I was delighted to see that Pete made the same discovery about triangles in physics and engineering problems that I made in my first year of engineering school. One of the first things any engineer should learn is to see if there’s an easier way to get the answer out. I’ll be adding “proglodytes”—progressive troglodytes—to my vocabulary.

For a self-published work, there are only a very few copy editing errors. The Kindle edition is free for Kindle Unlimited subscribers. In an “About the Author” section at the end, the author notes:

There’s a growing fraternity of independent, self-published authors busy changing the culture one story at a time with their tales of adventure and heroism. Here are a few of my more recent discoveries.

With the social justice crowd doing their worst to wreck science fiction, the works of any of these authors are a great way to remember why you started reading science fiction in the first place.

Schantz, Hans G. A Rambling Wreck. Huntsville, AL: ÆtherCzar, 2017. ISBN 978-1-5482-0142-5.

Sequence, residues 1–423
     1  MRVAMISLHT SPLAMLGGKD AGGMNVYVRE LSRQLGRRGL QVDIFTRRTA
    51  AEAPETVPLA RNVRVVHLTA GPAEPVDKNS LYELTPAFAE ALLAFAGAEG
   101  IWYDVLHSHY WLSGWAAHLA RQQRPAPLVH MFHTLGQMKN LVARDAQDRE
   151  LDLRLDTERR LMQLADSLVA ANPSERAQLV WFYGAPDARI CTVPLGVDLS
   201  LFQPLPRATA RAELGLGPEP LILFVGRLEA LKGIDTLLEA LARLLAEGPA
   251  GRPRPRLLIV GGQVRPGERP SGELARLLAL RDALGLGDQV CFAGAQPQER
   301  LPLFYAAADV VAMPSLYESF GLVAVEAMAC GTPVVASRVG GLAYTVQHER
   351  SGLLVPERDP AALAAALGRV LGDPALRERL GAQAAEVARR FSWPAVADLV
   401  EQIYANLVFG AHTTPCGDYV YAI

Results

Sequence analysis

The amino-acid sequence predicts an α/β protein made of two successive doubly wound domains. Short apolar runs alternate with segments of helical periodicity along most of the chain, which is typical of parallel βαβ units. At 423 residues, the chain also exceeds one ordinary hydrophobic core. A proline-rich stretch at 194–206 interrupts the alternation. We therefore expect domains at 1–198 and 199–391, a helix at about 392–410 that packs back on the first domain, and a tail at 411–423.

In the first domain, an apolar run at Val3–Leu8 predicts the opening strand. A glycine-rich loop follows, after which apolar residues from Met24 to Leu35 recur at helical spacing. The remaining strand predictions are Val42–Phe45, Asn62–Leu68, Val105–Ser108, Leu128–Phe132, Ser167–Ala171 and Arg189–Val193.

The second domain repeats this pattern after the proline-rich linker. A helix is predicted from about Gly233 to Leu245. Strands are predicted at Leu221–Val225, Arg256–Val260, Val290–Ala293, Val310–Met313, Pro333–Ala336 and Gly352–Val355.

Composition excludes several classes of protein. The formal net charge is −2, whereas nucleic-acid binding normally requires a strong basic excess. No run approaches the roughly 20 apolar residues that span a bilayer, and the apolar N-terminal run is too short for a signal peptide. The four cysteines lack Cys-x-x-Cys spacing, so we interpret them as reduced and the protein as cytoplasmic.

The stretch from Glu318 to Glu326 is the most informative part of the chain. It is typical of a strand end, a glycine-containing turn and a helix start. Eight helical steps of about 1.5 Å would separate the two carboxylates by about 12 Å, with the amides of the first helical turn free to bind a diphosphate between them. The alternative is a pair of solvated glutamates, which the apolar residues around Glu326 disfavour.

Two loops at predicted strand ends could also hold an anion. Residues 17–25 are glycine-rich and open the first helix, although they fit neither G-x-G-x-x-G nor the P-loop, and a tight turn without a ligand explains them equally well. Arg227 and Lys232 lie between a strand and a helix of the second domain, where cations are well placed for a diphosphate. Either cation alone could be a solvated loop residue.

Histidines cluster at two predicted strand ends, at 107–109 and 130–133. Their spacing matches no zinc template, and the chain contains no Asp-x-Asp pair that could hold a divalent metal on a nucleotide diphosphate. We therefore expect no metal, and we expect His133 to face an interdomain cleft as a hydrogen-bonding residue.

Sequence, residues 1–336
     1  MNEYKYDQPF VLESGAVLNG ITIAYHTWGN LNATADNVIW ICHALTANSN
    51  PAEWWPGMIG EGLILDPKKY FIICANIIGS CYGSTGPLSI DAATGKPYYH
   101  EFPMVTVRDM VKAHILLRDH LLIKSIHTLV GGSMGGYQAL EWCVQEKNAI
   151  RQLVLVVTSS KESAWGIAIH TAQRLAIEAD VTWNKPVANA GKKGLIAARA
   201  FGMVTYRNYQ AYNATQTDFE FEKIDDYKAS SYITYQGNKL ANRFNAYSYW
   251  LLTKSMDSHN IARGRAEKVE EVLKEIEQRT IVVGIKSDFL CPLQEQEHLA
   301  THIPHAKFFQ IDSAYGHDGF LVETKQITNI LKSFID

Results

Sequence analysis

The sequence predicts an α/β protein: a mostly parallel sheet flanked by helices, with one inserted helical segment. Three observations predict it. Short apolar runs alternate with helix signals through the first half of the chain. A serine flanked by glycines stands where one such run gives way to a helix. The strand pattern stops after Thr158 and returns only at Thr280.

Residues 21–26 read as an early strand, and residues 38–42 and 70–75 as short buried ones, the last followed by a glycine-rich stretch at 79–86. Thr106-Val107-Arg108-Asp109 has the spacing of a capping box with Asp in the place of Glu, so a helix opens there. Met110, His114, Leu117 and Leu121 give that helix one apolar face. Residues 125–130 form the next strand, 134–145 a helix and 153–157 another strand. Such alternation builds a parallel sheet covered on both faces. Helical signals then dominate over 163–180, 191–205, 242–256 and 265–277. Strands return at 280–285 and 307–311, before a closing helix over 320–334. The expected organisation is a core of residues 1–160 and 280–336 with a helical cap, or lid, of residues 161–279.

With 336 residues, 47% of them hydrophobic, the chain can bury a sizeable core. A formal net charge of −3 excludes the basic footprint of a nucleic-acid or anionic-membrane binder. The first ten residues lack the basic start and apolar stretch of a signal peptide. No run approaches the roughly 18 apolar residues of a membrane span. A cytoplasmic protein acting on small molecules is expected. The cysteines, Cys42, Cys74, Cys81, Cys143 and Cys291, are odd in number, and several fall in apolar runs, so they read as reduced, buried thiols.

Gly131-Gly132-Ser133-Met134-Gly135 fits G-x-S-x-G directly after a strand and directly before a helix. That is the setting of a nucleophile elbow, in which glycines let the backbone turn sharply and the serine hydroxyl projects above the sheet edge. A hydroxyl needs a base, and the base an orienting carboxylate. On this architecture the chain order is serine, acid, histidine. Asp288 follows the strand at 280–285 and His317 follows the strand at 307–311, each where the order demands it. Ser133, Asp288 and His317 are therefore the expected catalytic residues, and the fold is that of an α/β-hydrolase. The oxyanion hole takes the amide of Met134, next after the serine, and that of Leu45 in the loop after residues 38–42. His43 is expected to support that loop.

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Author: John Walker

Founder of Ratburger.org, Autodesk, Inc., and Marinchip Systems. Author of The Hacker's Diet. Creator of www.fourmilab.ch.

9 thoughts on “Book Review: A Rambling Wreck

  1. I have read (thanks to your earlier review of “Hidden Truth”) and enjoyed both books and await #3 as well. I must seize credit, though, for my few worthy neologisms. I actually came up with (and you favorably commented upon) “proglodytes” several years ago when I first unleashed it on the legacy site. Gosh, it is satisfying to receive such affirmation!

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  2. Is this really a Young Adult novel in the tradition of, say, Have Spacesuit, Will Travel, set in the present? Excuse me while I try to get my head around this: how can this be possible? Ah, Schantz is self-published.

    How are the books selling?  Is there a way to check that, on Amazon or elsewhere?

    One Amazon reviewer reported that in Hidden Truth World, Firefly has a second season. Even if a lot of other things go wrong, that will provide a great deal of consolation, won’t it?